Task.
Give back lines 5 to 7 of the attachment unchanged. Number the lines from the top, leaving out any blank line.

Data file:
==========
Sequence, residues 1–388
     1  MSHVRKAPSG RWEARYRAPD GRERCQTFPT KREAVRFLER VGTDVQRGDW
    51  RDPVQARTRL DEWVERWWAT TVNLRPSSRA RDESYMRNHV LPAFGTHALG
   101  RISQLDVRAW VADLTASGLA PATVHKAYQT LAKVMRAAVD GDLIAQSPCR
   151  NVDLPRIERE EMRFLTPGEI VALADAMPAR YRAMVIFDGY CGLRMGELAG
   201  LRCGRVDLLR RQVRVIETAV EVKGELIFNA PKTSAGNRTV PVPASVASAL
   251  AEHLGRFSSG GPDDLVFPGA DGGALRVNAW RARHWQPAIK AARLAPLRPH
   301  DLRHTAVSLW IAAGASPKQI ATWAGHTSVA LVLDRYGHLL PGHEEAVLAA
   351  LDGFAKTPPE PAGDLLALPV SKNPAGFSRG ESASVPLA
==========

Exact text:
   151  NVDLPRIERE EMRFLTPGEI VALADAMPAR YRAMVIFDGY CGLRMGELAG
   201  LRCGRVDLLR RQVRVIETAV EVKGELIFNA PKTSAGNRTV PVPASVASAL
   251  AEHLGRFSSG GPDDLVFPGA DGGALRVNAW RARHWQPAIK AARLAPLRPH